During our period in Opposition we are creating policies for alternative structures that will go far beyond embracing Keynesianism. Our plan for responsive democratic structures in the regions will make a great difference. No hon. Member could be satisfied with previous regional policies. The evidence is that about 250,000 jobs were created during the growth period from 1960 to 1976 by regional policies. That is not a negligible number. However, many other jobs were lost because of the change from urban to rural development. Those changes in the geo-economic life of the country are often more important than what Governments do.

From 1976 regional policies have not achieved what they should have done, because they do not work against a backcloth of decline. Regional policies have to be much more innovative if they are to deal with regional regeneration in a time of recession. Two things have to go hand in hand. We have to reflate our economy and have regional structures and development. There has been a television advertisement that annoyed many hon. Members from the regions. It comes from the London Docklands development corporation and says: Why go to the middle of nowhere when you can go to the middle of London? My constituents and most people in the regions outside the South-East believe that the Government have no conscience about what they believe to be the middle of nowhere. The Government should remember that in Yorkshire, Lancashire and the West Midlands—in the middle of nowhere—the people have the vote. When the next election comes, they will give the Government the answer.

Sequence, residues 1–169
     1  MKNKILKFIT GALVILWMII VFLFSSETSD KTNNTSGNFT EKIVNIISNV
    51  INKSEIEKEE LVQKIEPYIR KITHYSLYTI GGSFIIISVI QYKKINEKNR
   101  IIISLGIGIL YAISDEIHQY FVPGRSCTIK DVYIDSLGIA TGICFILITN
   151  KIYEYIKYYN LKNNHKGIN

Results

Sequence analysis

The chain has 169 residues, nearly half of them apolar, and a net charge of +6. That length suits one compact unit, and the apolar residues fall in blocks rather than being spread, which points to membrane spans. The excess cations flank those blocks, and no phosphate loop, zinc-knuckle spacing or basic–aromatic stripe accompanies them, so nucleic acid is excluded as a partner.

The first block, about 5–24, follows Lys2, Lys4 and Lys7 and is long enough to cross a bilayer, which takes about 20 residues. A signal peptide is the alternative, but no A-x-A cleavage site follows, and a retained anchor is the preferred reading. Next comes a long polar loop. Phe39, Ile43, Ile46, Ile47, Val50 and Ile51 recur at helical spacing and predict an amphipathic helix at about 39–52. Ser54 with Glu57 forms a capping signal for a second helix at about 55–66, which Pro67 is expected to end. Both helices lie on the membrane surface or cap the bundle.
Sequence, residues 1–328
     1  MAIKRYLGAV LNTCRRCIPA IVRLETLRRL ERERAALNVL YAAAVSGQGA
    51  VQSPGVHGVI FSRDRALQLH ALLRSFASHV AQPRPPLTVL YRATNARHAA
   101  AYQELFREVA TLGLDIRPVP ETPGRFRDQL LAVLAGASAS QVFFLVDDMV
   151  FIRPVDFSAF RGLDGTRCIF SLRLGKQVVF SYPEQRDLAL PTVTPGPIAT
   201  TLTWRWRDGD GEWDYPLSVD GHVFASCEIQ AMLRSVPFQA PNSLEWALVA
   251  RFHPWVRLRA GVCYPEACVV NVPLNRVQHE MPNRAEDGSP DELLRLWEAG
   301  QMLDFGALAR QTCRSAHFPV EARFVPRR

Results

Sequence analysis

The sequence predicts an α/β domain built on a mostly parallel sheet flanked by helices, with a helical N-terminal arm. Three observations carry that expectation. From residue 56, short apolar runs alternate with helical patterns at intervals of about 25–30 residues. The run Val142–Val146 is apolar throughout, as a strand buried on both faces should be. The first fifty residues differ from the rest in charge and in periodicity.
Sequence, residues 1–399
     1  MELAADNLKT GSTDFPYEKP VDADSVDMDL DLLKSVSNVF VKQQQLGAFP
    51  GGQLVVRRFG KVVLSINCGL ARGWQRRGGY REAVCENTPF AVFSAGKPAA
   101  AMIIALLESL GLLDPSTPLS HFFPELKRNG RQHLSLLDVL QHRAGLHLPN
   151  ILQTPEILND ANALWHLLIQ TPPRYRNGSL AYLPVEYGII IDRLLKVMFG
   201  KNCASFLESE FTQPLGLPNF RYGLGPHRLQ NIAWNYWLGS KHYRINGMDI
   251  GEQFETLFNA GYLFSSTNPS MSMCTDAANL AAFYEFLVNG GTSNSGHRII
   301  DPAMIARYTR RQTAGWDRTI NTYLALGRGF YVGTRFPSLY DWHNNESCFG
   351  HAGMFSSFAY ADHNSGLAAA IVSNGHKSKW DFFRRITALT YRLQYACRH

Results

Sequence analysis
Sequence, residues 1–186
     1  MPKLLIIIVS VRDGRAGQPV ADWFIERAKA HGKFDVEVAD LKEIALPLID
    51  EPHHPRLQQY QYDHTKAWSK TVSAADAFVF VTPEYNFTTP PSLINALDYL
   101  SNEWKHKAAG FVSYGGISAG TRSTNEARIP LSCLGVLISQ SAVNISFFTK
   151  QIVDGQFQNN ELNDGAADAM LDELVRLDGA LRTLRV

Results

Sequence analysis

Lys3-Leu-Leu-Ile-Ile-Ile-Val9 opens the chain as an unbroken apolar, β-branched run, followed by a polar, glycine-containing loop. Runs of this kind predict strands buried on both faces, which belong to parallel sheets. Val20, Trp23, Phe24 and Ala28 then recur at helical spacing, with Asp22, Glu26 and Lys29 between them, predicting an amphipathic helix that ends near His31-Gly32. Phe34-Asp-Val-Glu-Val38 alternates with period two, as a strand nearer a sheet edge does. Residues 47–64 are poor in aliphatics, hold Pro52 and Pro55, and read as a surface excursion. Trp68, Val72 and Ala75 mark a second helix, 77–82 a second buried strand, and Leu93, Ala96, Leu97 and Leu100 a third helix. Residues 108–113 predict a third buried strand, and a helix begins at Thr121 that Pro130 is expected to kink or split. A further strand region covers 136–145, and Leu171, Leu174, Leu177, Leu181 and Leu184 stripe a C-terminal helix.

9.10 pm
Mr. Stanley Orme (Salford, West)

My first job is pleasant. It is to congratulate my hon. Friend the Member for Coatbridge and Airdrie (Mr. Clarke) on his outstanding maiden speech. He brought a great deal of wit and amusement to his speech, but he made it with dignity and compassion. We shall hear a great deal more from him and he will bring from Scotland much expertise and experience. I sincerely congratulate him.